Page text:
From the Author
You have identified three faces of leadership. What are they?
In the book, I identified the three faces of leadership--the Mediator, the
Manager, and the Demagogue--they are, to varying degrees, part of each of
us and are present in most organizations and communities. These three faces
highlight the choices that each of us must make about how we as leaders
will deal with differences.
The Mediator represents a leadership approach that transforms differences
into opportunities. These are leaders who can take care of even the most
challenging situations. The Manager model is limited by its own identity.
While Managers do not actively use and leverage difference for bad,
destructive ends, these leaders are
often imprisoned by their own job definition. The third type is the
Demagogue. The Demagogue uses fear of difference as a lever with which to
gain more power. Leaders who use this approach wield their power in
destructive ways in countless leadership contexts.
Why should individuals invest in learning how to be better mediators?
I wrote Leading Through Conflict to make the skills of the mediator more
to every person who wants to deal more effectively and creatively with the
in his or her life. Whether we are leaders in government, in business
in civic organizations such as churches, hospitals, or schools, we will be
if, in addition to managerial skills, we have mediation skills. By learning
about the leader as mediator, we will profoundly raise the level of our own
and that of others around us as well.
Why do you view being a competent manager as a potentially negative
Let me be clear about this: Competent managers do much to making a better
and to making our lives more pleasant and productive. Professionally, these
want to contribute to their organization or community; personally, they
want to succeed.
Their strength is that, within firm and fairly constant boundaries, they
Unfortunately, the limitations of this model of leadership are as
significant as its
strengths. The focus of the Manager is on "us." Managerial leaders are
that "our people" do well--but what happens to "them," those who are
their jurisdiction, is not of their concern. Consequently, Managers often
defensive, combative, or paralyzed when they face "cross-boundary", or
problems. Today's world is the Manager's nightmare because so many current
leadership challenges cross boundaries. Leaders simply cannot deal with
of the challenges they face if they act like ordinary Managers. In fact, as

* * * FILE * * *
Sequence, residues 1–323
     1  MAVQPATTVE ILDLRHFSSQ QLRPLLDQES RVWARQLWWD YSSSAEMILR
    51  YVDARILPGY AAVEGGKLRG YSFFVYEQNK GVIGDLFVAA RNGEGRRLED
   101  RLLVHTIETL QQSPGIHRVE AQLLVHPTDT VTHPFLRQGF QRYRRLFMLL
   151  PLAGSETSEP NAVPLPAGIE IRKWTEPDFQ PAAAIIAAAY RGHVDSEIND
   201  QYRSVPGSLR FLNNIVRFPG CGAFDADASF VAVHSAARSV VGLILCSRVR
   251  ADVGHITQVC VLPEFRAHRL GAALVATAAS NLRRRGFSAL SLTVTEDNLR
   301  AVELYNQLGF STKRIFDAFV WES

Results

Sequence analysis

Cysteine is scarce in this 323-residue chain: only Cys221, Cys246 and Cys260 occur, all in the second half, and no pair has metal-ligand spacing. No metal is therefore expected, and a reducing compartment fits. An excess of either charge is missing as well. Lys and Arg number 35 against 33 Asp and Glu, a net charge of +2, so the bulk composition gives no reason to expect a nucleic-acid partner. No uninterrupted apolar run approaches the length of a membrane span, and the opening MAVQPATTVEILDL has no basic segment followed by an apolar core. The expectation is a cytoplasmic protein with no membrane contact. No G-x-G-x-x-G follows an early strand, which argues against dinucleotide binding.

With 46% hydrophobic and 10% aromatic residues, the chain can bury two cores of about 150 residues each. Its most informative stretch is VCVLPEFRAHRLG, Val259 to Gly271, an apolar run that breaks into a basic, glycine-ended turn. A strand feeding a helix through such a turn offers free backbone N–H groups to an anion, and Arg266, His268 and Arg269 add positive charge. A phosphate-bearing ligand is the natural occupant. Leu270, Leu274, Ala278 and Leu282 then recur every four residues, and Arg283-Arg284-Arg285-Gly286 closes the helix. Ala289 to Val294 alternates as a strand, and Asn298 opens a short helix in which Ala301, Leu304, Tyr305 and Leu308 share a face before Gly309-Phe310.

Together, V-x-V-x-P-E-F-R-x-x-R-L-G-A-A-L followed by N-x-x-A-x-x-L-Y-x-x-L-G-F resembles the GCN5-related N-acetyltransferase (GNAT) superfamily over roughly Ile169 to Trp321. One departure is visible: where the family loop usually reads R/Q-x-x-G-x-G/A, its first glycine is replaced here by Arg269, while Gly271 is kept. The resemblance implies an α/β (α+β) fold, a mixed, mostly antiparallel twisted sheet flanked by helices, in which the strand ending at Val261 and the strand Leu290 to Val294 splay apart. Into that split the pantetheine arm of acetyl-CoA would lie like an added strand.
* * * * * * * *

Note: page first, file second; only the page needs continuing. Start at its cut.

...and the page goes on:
in the book, they will make matters worse.
Take the U.S. Congress, for example. When our representatives behave like
Democrats or Republicans, and turn every piece of legislation into a war
advantage, they fail as leaders. What is needed are Mediators who can
bridge partisan differences and create legislation that works for the whole
country, not just
a political party.
From the Inside Flap
Today more than sixty-three thousand transnational companies operate
globally with over eight hundred thousand subsidiaries spanning the planet.
They employ more than ninety million people and produce 25 percent of the
world's GNP. Leading across these enormous and complex global differences
is now essential to leaders, both in business and in public life.
Increasingly, leaders are responsible to a wide range of stakeholders who
are often scattered around the world and at the same time are juggling
numerous cross-border constituencies. Effective leaders today must develop
the skills for turning these differences into opportunities--or they simply
won't succeed. In Leading Through Conflict: How Successful Leaders
Transform Differences into Opportunities (Harvard Business School Press;
May 8, 2006), facilitation leadership expert Mark Gerzon provides a new
model of leadership that puts conflict at the center, as an essential test
of leadership. Distilling the essential principles of the new kind of
leadership needed to face the challenges of increasingly global economics
and politics, Gerzon shows how to turn conflict into an asset rather than a
liability. Through interviews with scores of leaders around the world,
Gerzon has studied closely how leaders have transformed some of the most
challenging, intractable conflicts of our time. He identifies three faces
of leadership--the Mediator, who is able to transform differences into
opportunities; the Manager, who possesses a limited perspective because of
jurisdiction and project scope; and the Demagogue, who uses fear of
difference as a way to gain more power. To lead effectively, he states,
you are compelled to become a Mediator--to negotiate--to listen to the
other's interests and needs and to fashion an outcome that works for all
sides. As organizations and societies gradually flatten themselves from
pyramids into networks, the form of decision making shifts from vertical to
horizontal, from giving orders to negotiation. To help individuals become
better Mediators--in both professional and personal settings--Gerzon has
identified eight essential tools, showing how to put them into practice
including: integral vision, systemic thinking, presence, inquiry, conscious
conversation, dialogue, bridging, and innovation. In Leading Through
Conflict, Gerzon maps out the challenges, inspires with real-life examples
from around the world, and outlines practical tools needed
to be able to turn the differences we all face into opportunities for
ourselves and others.